But there is more, much more.  Some authors (and Frantz is one) have a way of weaving simple words, sentences, and paragraphs into a glittering jewel that is more than the sum of its parts. She transforms these elements into a tale that Narnia-like captures and carries us to a satisfying journey.  Love’s Fortune is a tale that unfurls at times with the grit and scrape of a coil of hemp rope, at others with the caress and shimmery mystery of a spool of moiré ribbon. A tale that kept me reading until the dawn broke.

[Note:  having read all but one of Laura Frantz’s novels (most more than once), I recommend them without hesitation.]


THE TURNING  ~   Bunn presents a story which is paradoxically as familiar as age-old fairy tales yet as astonishing as tomorrow’s news.

The power of one person ~ UNLIMITED

Illustrating a person’s unlimited potential when relying on a limitless God demands hopeless circumstances. And Bunn delivers.  The setting—a dusty, Mexican border town—is so clear that reading the book during a  heat wave was sometimes uncomfortably real. The characters are also realistic. Currently breathing in my home, they’ve been invited to stay.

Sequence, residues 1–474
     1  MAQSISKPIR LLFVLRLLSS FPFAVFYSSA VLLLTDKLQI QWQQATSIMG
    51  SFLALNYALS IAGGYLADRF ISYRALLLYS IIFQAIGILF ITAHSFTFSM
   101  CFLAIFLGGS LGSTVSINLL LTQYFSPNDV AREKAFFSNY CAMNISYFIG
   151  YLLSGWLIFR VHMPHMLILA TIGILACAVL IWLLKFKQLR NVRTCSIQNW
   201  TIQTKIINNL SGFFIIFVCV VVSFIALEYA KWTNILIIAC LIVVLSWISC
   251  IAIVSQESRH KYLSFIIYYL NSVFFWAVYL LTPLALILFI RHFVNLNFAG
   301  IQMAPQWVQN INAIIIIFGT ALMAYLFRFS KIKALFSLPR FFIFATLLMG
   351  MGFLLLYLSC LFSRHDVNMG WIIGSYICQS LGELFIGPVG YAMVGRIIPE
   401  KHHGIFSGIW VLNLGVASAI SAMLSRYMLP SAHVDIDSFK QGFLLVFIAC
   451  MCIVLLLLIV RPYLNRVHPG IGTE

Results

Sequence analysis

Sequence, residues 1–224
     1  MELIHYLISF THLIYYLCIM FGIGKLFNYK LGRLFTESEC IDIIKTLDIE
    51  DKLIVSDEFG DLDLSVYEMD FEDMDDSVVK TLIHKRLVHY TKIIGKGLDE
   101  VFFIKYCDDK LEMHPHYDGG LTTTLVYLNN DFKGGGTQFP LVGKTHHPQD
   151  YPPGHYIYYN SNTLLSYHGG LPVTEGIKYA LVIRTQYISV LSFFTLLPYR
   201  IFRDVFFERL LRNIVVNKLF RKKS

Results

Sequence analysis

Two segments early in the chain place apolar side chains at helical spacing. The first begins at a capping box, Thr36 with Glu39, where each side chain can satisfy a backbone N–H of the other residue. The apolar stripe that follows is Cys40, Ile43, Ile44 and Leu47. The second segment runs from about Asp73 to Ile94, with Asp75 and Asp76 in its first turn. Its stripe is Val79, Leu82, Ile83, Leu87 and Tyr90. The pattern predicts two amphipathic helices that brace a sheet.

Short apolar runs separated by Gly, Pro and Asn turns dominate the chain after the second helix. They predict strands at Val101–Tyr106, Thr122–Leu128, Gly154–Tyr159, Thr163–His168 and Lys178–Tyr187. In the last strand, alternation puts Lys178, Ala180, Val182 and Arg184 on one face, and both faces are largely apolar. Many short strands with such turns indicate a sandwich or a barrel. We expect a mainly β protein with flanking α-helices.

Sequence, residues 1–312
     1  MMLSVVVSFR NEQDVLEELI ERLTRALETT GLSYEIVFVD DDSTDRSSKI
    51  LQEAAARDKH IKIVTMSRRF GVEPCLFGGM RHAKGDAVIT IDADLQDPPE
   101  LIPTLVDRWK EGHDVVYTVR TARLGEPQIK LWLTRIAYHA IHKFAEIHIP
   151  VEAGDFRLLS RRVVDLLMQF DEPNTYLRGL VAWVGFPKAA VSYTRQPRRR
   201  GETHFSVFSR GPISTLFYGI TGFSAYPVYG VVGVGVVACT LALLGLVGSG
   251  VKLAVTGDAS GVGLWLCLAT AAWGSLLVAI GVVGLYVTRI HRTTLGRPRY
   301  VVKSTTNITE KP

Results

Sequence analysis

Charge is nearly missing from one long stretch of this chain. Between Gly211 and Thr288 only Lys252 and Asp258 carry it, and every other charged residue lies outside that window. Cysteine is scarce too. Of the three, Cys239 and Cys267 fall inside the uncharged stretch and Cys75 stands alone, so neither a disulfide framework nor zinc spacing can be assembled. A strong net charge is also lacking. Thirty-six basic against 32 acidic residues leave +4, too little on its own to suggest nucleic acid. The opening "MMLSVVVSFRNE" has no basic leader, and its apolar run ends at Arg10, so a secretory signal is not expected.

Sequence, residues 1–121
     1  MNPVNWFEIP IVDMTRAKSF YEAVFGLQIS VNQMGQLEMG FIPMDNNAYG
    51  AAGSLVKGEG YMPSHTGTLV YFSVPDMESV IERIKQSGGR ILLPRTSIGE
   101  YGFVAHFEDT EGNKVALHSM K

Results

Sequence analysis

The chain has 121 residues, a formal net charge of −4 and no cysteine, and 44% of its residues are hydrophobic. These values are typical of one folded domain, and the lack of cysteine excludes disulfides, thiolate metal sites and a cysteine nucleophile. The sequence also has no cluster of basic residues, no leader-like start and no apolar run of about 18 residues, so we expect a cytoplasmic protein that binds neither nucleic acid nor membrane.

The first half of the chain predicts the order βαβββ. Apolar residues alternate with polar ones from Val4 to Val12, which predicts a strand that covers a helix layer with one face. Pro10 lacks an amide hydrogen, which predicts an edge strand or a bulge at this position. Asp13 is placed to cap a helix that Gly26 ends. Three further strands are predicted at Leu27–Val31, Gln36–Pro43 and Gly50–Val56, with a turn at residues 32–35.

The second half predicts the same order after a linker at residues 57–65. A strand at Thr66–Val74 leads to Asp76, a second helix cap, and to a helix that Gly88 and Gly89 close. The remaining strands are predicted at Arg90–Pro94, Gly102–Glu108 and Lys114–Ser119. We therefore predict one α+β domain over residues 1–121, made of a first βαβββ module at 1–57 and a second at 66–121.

Though I don’t typically enjoy desert settings, this novel grabbed me and carried me along. Unlimited is another in a long line of Bunn’s satisfying reads and I highly recommend it.


Tested loyalty, courage, and faith, a five-star series ~ LION OF BABYLON (book 1), RARE EARTH (book 2), STRAIT OF HORMUZ (book 3)